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My ‘Aha!’ moment with Evernote

I follow a lot of great educators on Twitter. They are particularly talented (among many other things) at sharing web2.0 applications they find on the web, as well as creating and collecting great resources to show how to use them in education.

One such application which kept popping up was Evernote. I’ve collected, in my delicious account, some of the evernote resources my twitter PLN has brought to my attention.

Evernote is a web2.0 service that allows you to ‘save everything’ in note form. It sounded like a cool idea to me. I quickly checked it out, I saved some of the resources about it and moved on to other things. I didn’t immediately see how Evernote would be helpful to me. There wasn’t a ‘hook’ to get me to dig deeper. In fact, I find that’s true about many of the new resources I’m pointed to. Unless I can see a reason to use it, I usually let it slide and spend my time doing other things.

I found my Evernote ‘hook’ recently. Here’s the short version: I have both an iPod touch and an iPad, both of which can take photos. (Incidentally, you can also take a ‘screen shot’ of your iDevice by pressing the power and home buttons simultaneously. The image ends up in the camera roll.) If I want to use those photos, I transfer them to the same computer that I sync my iDevices with, my desktop, which is AT HOME. This would make using the photos cumbersome, as it would require an extra day to make them usable. As a result, I don’t take photos at school with my iDevices very often.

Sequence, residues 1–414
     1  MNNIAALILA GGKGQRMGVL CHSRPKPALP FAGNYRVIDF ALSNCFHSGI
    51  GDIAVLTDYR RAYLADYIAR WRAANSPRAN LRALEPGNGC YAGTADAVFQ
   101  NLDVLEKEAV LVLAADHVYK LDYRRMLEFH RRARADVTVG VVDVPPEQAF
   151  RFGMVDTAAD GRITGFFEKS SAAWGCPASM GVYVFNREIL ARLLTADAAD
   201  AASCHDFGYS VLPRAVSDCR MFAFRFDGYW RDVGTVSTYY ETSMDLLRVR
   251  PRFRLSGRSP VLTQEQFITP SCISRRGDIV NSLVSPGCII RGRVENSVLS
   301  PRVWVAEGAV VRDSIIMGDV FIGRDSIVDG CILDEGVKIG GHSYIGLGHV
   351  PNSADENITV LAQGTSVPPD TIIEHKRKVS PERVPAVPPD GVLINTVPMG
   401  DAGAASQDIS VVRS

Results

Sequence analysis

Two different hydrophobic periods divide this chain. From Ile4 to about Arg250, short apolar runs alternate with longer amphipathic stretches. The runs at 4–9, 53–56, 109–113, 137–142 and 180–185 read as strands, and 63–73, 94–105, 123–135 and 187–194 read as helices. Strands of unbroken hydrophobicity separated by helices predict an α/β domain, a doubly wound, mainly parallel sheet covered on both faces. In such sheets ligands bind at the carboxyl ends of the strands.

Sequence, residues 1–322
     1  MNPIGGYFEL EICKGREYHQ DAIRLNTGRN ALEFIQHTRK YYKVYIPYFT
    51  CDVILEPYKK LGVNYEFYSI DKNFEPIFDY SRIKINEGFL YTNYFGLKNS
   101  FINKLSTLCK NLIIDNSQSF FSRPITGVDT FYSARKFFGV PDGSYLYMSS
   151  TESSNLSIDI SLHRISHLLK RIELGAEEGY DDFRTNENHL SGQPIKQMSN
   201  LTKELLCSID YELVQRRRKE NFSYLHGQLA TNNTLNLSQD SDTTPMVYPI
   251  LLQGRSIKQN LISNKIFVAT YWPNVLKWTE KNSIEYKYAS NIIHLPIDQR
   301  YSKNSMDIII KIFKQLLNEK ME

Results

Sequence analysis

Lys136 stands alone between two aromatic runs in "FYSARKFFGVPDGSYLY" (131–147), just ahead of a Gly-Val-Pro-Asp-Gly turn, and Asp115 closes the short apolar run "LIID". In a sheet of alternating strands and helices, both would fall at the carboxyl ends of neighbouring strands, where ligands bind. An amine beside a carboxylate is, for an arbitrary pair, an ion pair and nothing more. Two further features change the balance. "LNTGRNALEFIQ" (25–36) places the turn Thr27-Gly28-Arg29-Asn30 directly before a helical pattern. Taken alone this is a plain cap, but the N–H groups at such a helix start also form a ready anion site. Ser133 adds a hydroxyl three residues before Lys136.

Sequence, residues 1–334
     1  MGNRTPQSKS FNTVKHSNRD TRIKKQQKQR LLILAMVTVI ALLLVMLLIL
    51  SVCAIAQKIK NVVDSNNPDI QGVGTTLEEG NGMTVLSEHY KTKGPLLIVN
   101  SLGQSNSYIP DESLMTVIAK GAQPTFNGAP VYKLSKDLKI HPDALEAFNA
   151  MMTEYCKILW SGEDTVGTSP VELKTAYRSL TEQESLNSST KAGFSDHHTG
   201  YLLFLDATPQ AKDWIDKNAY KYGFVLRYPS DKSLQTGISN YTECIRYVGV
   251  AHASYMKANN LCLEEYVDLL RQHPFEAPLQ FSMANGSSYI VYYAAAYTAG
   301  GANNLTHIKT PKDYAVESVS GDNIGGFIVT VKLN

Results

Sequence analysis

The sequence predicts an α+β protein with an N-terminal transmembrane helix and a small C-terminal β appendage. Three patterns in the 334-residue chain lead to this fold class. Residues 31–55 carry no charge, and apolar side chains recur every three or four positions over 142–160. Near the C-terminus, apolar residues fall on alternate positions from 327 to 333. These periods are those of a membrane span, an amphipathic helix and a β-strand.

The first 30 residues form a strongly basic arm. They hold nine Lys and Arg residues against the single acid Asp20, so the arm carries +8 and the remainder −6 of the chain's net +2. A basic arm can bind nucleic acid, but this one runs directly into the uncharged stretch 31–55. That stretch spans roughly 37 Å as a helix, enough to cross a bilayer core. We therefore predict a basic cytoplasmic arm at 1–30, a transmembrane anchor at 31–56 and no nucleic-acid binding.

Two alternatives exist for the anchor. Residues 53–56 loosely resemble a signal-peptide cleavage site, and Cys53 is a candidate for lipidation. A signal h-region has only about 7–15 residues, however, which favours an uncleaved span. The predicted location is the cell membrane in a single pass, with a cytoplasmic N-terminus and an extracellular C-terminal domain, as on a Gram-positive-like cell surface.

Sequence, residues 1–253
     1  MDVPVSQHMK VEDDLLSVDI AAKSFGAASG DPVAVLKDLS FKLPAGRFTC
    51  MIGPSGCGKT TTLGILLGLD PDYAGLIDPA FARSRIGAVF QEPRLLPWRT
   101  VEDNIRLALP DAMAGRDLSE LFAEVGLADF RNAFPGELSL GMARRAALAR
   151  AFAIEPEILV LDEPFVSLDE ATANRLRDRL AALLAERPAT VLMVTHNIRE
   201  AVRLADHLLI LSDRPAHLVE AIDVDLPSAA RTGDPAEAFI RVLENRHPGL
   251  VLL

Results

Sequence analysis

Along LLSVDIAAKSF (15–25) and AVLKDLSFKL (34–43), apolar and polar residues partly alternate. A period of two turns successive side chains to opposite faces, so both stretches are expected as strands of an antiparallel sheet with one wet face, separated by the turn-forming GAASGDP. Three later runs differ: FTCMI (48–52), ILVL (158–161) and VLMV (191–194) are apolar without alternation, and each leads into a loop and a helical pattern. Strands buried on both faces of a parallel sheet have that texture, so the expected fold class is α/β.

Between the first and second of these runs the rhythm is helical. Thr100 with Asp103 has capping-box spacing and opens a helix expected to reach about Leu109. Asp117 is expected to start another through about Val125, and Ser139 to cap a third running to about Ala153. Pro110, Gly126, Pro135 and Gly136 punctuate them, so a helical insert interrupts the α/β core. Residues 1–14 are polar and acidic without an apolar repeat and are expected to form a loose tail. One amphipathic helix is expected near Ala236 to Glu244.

Here comes Evernote to the rescue! I can transfer any iDevice photo, via the internet, to my Evernote account. Since Evernote has apps for most mobile devices and PCs (as well as web-clipping add-ons for most web browsers), any ‘note’ that I save in my Evernote account is then instantly available on any of my devices or PCs. Poof! I no longer have to get images from my iDevices through the normal synchronization process. (If you are a web2.0 enthusiast, you can probably tell me about 5 other ways that I can do this!)

Here’s a screen capture image of the Evernote App running on my iPad that I just took, posted to my Evernote account and saved on my laptop while I was at school (no wired-sync required):

Image

Now that I’ve had my ‘Aha!’ moment with Evernote, I’m sure I’ll find lots of other uses for it.

Have you had any ‘Aha!’ moments lately?

Working with Colleagues is Fun!

I always enjoy working with colleagues.  It’s even more fun when they are not from my department in my high school (Science, Chemistry).